Gustavo Dudamel, conductor
Serial winners of awards tend to talk often about wanting to “give something back”. Quite often, let’s be honest, that means donating money to some deserving cause and being done with it, and that’s not nothing. But in Gustavo Dudamel’s case, giving something back is simply a continuation of his life, of the philosophy that has governed every day since he first discovered music through Venezuela’s El Sistema.
Because enlightened music education systems like Venezuela’s have profound and different potential effects on their graduates. They can nurture God-given talents and create stars. They can provide a wider number of children with enough musical training to allow them to earn money and thus escape a life in the slums. But, which is surely at least as important, they instil a love of music and an appreciation of its transformative qualities which breeds generations of people who want to pass on this great gift. So for Dudamel, the most celebrated product of El Sistema, to fail to be concerned with continuing this important work is surely all but inconceivable.
Yet the still-young conductor of the Los Angeles Philharmonic and Gothenburg Symphony Orchestra does more. He is more. “There’s something about him,” said a grizzled, sometimes cynical industry pro to Gramophone’s editor several years ago, just after DG had signed up the then still unknown maestro. “His very presence is somehow energising.” Musicians say the same. So do audiences.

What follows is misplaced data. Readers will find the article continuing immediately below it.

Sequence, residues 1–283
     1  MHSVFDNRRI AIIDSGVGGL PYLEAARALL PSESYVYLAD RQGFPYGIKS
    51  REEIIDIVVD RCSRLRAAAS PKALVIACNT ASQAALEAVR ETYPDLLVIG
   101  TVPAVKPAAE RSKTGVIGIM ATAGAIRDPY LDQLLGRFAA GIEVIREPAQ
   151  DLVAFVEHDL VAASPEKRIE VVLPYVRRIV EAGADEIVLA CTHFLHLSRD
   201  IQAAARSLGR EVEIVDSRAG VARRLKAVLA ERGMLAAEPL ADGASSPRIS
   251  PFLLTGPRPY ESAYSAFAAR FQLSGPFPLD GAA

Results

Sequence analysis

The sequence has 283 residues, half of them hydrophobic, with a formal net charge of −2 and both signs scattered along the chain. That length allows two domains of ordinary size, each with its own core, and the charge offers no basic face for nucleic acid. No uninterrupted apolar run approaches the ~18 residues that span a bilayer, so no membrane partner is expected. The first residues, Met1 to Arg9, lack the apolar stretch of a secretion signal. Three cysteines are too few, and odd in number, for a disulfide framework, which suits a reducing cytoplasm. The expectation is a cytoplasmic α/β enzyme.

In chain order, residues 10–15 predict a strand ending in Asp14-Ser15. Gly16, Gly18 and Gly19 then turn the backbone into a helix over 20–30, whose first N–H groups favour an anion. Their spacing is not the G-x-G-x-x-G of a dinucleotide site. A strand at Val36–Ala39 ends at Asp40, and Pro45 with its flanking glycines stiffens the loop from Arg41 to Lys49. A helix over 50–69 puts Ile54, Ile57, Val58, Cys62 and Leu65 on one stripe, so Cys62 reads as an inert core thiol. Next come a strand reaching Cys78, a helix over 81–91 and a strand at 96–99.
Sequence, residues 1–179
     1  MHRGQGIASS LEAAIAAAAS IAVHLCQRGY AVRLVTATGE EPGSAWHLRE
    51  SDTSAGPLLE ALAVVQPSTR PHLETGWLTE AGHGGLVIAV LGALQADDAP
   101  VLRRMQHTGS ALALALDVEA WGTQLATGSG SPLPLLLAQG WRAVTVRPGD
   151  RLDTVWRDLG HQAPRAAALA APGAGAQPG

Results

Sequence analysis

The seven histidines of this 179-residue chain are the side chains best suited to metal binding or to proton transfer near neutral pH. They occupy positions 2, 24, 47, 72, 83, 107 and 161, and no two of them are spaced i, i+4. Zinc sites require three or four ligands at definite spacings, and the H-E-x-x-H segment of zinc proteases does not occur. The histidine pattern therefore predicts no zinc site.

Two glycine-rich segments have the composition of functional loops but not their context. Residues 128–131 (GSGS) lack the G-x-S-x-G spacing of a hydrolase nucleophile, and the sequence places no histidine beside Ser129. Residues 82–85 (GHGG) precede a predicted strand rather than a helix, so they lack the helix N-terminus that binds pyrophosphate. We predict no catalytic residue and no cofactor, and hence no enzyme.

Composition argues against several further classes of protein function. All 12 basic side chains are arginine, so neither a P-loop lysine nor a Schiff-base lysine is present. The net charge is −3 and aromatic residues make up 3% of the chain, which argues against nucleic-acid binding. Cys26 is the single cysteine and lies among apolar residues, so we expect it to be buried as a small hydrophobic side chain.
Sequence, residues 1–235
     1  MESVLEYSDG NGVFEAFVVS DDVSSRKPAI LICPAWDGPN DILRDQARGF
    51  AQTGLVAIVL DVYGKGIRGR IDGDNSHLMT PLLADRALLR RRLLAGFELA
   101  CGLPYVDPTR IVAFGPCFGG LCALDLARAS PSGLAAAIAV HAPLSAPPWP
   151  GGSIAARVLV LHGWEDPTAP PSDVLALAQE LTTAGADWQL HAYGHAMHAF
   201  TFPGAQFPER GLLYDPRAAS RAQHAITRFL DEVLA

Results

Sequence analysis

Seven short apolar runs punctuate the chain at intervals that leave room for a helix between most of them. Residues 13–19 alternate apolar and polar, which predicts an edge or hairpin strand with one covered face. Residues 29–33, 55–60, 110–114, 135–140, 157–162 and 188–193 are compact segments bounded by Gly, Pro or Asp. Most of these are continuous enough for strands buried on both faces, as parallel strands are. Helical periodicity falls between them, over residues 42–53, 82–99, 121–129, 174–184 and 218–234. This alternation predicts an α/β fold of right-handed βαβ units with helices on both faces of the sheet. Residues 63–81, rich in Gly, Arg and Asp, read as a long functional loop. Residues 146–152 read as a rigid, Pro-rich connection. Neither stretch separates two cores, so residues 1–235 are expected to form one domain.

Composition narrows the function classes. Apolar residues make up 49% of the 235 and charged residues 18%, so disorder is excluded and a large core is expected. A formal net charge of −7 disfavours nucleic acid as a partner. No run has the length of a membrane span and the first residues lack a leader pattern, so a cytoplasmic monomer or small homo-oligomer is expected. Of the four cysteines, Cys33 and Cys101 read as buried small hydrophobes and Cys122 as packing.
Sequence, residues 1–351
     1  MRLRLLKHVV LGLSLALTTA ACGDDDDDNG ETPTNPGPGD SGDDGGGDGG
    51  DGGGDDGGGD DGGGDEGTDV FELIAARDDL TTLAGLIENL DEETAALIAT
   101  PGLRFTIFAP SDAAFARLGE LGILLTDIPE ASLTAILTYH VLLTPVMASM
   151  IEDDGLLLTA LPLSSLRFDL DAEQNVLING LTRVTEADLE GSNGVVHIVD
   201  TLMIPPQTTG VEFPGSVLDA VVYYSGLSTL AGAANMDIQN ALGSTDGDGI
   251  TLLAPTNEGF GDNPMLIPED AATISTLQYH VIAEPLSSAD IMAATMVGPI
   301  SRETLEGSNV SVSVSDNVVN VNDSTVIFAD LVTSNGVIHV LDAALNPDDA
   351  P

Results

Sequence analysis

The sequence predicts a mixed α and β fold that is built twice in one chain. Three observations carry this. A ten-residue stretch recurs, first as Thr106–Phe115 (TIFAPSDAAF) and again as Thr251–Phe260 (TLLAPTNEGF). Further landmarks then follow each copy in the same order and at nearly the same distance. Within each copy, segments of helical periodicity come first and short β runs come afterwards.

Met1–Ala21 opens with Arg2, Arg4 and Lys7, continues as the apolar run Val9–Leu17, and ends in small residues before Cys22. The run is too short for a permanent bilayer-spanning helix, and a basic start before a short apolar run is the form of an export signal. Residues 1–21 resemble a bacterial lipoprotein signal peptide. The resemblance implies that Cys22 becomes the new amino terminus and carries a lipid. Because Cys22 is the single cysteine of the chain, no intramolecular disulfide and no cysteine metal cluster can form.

And Dudamel puts that charisma to good effect, setting up or supporting El Sistema-influenced programmes in LA and elsewhere. He has become a superstar by dint of working at what he believes in, not by blatantly courting fame. In fact, he gives relatively few interviews, the in-depth one he gave to this magazine earlier this year being extremely rare, and even fewer photoshoots (ditto). Although some would doubtless say that one way to keep the public interested is through precisely that kind of elusiveness, Dudamel is very clear that it’s all about the music – first, foremost, finally.
So what about Dudamel and the music? He has a great way with an orchestra, all agree. And he’s a thinking conductor – if some of his interpretations are still settling down, that’s almost inevitable for a musician of his years. But the Dudamel effect is felt everywhere. Classical music is once again talked about (at any rate somewhat more) in the press. It is once again a realistic and desirable aspiration for growing numbers of young people. It is an acknowledged way to bring communities together (as with Julian Lloyd Webber’s Dudamel-inspired In Harmony UK project). And all that revolves around a serious approach to great music. Now that’s giving back.
(Photo: Richard Reinsdorf)